Happy Tuesday everyone! I’m back with another programming related post but this time in a little different format. This time we’re going to take a look at the very foundation of platforming: physics.
The first question to answer is what does physics actually mean for us? For the purposes of this post, we are dealing with movement and responding to collision. In order to respond to a collision, we first have to detect it which is a process called, unsurprisingly, collision detection. Collision detection is a broad and complex subject that we won’t go into here and as it turns out, Blightmare just uses the built-in offering from Unity so I haven’t implemented collision detection for this project at all.
Okay. The first step is getting some movement going at all. Otherwise, there’s no way to collide with anything at all! There are undoubtedly many ways to go about modelling motion and some of them may even feel fun to play, for example, you could just add a bit to the current position every frame, possibly changing the direction based on input, and now you have a simple controllable player. The problem with this is that it doesn’t feel very good or natural. It feels kind of harsh and abrupt. There’s no “weight” to Blissa or any momentum feeling. Take a look at that here:
So how can we make things feel a bit more realistic? Well why not just take a look at what actually happens in nature. You may recall something called “newtonian mechanics” or “classical mechanics” from school or even from an earlier blog post! That is exactly what we need here. I will skip the derivation part for now, and get to the good stuff which is the equation of motion.
This tells us what the next position should be as a function of our current position, our current velocity, our current acceleration, and the amount of time that has passed. Okay great, but how do we actually make sense of all of that? Well, we can extend the previous sample to show how this works. Instead of just adding some movement each frame, I will apply a bit of acceleration in the direction of an arrow key and then we will let the equation determine the rest. We have to remember to update the velocity as well each frame by adding the acceleration * dt. This is called Euler Integration (among other similar names) and is a very simple approximation to the real equations of motion. Take a look:
As you maybe can see, this is pretty hard to control and is very “slidey” but it does have a nice smoothness to it, so I guess that’s a plus.
We’re missing a bit of directionality in the simulation right now; it’s hard to get our bearings. In the real world, we know down is down because it’s the direction gravity “pulls” things. We can add that to our simulation as well! Gravity is just a force after all, and we’re actually well equipped to handle forces. You may recall another equation from that same class:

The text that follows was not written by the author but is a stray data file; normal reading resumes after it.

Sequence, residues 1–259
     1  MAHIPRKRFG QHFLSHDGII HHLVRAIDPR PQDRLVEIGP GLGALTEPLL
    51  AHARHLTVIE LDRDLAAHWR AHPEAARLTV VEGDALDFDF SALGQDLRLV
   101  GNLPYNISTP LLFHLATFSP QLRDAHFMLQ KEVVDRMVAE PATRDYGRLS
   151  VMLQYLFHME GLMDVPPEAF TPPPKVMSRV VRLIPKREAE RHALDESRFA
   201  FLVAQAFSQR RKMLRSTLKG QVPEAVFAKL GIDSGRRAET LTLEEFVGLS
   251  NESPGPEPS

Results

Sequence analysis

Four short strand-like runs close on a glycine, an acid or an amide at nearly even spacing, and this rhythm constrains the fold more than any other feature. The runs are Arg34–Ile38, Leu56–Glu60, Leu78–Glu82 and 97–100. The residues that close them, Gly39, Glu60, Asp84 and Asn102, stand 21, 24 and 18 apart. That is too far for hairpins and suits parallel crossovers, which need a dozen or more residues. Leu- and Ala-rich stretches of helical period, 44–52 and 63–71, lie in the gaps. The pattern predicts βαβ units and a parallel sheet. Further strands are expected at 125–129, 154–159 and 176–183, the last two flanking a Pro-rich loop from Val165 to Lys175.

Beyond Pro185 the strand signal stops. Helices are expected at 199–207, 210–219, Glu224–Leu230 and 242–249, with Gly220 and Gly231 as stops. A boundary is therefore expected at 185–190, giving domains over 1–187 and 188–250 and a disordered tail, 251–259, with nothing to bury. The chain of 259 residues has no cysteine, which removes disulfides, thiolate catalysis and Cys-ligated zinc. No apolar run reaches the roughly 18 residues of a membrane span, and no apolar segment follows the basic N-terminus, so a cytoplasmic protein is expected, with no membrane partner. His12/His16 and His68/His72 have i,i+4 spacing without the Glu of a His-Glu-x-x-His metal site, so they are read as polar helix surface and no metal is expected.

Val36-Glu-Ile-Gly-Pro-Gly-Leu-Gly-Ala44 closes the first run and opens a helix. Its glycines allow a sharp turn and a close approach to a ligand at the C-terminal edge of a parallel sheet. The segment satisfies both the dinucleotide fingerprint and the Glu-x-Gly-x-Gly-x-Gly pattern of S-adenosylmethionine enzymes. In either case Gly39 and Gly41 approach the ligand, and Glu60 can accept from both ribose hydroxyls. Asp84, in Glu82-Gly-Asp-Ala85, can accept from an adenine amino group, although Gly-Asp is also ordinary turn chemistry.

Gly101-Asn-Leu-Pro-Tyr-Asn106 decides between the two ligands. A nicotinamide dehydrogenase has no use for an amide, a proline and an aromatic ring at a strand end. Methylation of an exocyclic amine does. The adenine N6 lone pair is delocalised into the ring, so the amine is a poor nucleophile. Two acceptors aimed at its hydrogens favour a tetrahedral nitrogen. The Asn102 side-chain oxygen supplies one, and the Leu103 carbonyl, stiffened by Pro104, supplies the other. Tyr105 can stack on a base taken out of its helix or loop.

This is telling us how to relate a force to an acceleration. They are related proportionally by mass. We can assume for a moment that our player has a mass of 1 and then we can just directly use a force as an acceleration. Okay great, so now we just add a constant – applied every frame exactly the same – “down” acceleration for gravity and take a look at the example again:
Note that I didn’t do any input in that video. Okay great, so we fall off the screen. That’s not super helpful. Time to add some ground in. Great, check this out:
Oops. The ground won’t stop us by itself! Here comes the collision detection and response part. Remember that we’re going to just use the collision detection that is built in, so we have the ability to know when we are about to move into something. The way that works is that we test the movement that we want to do before we do it. The collision system will tell us how much of the desired movement can be done before a collision which we use to determine what we want to do. If the whole movement can be done without collision, then we just do it. If anything less than the whole movement can be done, then we do whatever we are allowed to do – without colliding – and we know now that we collided with something. Let’s take a look at what that looks like in action:
Cool! Now we stop on the ground and we can still go up, left, and right. It’s hard to tell from the video, but in order to go back up I have to input “up” for quite a while. What’s going on here? It’s the collision response. All we are doing is making sure we don’t pass through the ground by stopping invalid movements, but the other values in our simulation – velocity in particular – are not aware that any collision has happened. What that means is that we keep accumulating “down” velocity from gravity while we’re just sitting on the ground and trying to get up off the ground again has to fully counteract all the accumulated gravity before we will see movement. We know that the ground is always flat and below us, so we can just stop our downward velocity when we collide and that should take care of it. At the same time, I’m going to boost the “up” or “jump” acceleration but make it only happen for a single frame to give a nice crisp pop to the jump. Take a look:
Now we’re really getting somewhere! There’s a number of things that we still have to do, specifically: deal with the difficult to control left/right movement, and we have some work to do on the jump itself because it feels a bit “floaty.” I’m going to do a whole post soon on jumping because it’s so important to platformers, and it’s surprisingly complex and while we’re there we may talk briefly about what to do with the left/right movement to make it a bit “tighter”, but this post is already probably too long!
I really enjoy simulations like this, and physics in particular, so it’s easy for me to get carried away. I hope you’ve enjoyed this post and if you are liking the game, please wishlist Blightmare on Steam and follow us on Twitter for the latest updates. Cheers!